Chart of the Month – What’s going on?

article written by

Pierre Mouton

What’s going on?

Source: Bloomberg


The US yield curve is flattening at a steady pace. One of the most followed indicators, the 2-10 year differential, has more than halved since the beginning of the year, from 125 basis points to less than 60 bps today.

Traditionally, a flattening yield curve is a warning signal for lower economic growth, and in some cases, notably when it gets into negative territory – i.e. an inverted yield curve – for a recession. Although we’re not in that situation, this rapid flattening of the 2-10 year slope raises questions, especially when all lights seem to be flashing green: global economic growth is strong, Europe and Japan show at last real improvements, Emerging Markets and China are roaring ahead, US employment is extremely steady, and the list goes on.

Besides all these positive indicators, it is also noteworthy that, apart from Venezuela or Turkey, there is no imminent catastrophe looming, at least apparently.

So what is the US yield curve telling us or, in other words, is there something we should really worry about?

First of all there are technical reasons for this flattening: the Fed has announced it will raise interest rates as soon as December this year, with further hikes planned next year, which exerts upside pressure on 2 years yield, while at the same time, tame inflation figures tend to put opposite pressure on longer term yields. The fact that the Fed has also declared that QE was now behind us should eventually have increased prospects for higher long term yields, but the Fed was and is not – by far – the only buyer of long dated Treasuries and strong hands have been on a buying spree of late: foreign holdings of US Treasuries have increased by more than $ 300 billion this year, led by China in particular.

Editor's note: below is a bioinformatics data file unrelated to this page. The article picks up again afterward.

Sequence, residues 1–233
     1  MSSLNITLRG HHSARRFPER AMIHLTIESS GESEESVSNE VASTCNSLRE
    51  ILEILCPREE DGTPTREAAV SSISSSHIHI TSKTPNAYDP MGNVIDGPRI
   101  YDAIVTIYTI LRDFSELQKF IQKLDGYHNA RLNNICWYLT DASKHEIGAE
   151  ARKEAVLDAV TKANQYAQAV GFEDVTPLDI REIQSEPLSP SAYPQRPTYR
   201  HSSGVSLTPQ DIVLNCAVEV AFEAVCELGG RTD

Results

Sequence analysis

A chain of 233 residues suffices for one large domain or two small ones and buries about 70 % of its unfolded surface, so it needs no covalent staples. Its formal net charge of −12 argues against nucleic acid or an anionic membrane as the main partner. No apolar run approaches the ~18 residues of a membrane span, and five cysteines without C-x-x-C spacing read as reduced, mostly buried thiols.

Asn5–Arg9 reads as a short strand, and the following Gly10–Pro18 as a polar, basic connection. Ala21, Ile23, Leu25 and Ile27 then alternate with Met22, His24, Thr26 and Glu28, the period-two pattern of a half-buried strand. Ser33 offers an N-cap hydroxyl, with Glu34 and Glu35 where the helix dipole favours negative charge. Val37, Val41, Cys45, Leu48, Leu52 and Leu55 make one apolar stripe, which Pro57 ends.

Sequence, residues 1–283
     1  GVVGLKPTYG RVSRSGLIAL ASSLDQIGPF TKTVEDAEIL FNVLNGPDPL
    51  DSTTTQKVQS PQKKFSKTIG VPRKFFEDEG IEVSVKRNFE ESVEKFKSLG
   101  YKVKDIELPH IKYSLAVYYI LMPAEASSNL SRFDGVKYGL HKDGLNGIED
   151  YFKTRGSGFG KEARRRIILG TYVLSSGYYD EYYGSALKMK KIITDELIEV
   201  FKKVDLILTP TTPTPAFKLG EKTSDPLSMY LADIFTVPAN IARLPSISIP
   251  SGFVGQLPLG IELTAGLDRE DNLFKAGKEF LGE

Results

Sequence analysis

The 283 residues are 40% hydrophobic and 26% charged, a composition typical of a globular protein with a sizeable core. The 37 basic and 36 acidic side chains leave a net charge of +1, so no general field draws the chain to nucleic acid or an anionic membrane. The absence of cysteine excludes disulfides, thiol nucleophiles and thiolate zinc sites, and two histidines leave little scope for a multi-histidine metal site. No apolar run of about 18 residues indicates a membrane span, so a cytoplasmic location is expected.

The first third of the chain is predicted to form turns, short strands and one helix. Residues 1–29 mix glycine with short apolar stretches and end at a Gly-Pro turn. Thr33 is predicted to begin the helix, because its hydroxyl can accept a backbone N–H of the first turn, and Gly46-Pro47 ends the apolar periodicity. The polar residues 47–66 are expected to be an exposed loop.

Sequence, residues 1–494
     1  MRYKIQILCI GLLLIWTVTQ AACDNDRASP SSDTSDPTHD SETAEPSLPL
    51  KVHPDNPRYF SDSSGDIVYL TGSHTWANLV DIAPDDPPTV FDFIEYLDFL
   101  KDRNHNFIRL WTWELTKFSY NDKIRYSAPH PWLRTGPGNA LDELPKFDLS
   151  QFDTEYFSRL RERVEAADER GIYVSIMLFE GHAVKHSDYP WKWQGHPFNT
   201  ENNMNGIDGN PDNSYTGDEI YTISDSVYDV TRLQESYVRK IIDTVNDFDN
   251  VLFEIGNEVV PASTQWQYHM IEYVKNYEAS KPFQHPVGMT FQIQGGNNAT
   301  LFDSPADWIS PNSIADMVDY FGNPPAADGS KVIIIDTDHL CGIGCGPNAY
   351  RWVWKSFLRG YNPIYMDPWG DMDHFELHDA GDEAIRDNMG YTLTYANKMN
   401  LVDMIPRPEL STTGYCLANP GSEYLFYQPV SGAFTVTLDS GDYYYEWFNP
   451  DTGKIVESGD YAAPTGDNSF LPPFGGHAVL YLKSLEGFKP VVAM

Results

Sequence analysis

Then, in a world craving for yield, getting 2.5% on one of the safest and most liquid assets in the world (the US 10 year T-notes) is clearly attractive. There is almost no equivalent in the developed world, and perhaps the most strikingly comparable comes with Portuguese 10 year yields which barely reach 1.9%!

But let’s not be complacent; most US recessions were preceded by a yield curve inversion with a negative 2-10 year slope. As we get closer to zero, more and more investors will start fretting about a possible recession and become more cautious. Although we’re not in the recession camp as we see no signs of it in today’s markets and economy, we’ll keep on closely following any deterioration in what could be qualified as a Goldilocks environment. For the time being, enjoy strong equity markets, but don’t overlook the possibility that something bad and unpredictable happens….


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